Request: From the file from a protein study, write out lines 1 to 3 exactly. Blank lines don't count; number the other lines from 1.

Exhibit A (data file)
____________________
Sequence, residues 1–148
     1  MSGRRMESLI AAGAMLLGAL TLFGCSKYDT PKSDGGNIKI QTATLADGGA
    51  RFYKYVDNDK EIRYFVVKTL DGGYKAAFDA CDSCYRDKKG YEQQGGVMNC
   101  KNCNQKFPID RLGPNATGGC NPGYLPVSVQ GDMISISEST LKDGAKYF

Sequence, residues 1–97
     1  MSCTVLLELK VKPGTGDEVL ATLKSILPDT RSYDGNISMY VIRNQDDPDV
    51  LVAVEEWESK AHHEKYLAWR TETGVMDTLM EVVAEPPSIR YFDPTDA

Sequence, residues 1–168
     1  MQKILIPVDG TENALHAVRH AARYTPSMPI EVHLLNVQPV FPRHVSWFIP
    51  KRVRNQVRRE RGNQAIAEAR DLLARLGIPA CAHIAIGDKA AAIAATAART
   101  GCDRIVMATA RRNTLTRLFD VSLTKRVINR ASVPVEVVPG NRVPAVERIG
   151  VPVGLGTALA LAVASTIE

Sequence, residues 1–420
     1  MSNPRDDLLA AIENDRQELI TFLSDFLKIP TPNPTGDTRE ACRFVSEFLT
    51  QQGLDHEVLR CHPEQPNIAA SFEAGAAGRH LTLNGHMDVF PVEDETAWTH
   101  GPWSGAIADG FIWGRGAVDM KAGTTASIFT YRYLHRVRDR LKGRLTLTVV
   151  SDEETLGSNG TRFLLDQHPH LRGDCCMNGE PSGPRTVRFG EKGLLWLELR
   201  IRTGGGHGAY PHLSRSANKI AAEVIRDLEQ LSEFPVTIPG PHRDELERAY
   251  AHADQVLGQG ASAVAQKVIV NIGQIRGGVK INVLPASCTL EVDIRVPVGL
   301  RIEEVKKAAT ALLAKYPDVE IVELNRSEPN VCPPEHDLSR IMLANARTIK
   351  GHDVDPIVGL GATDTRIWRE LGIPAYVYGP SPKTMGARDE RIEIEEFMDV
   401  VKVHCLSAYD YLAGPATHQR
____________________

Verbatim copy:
Sequence, residues 1–148
     1  MSGRRMESLI AAGAMLLGAL TLFGCSKYDT PKSDGGNIKI QTATLADGGA
    51  RFYKYVDNDK EIRYFVVKTL DGGYKAAFDA CDSCYRDKKG YEQQGGVMNC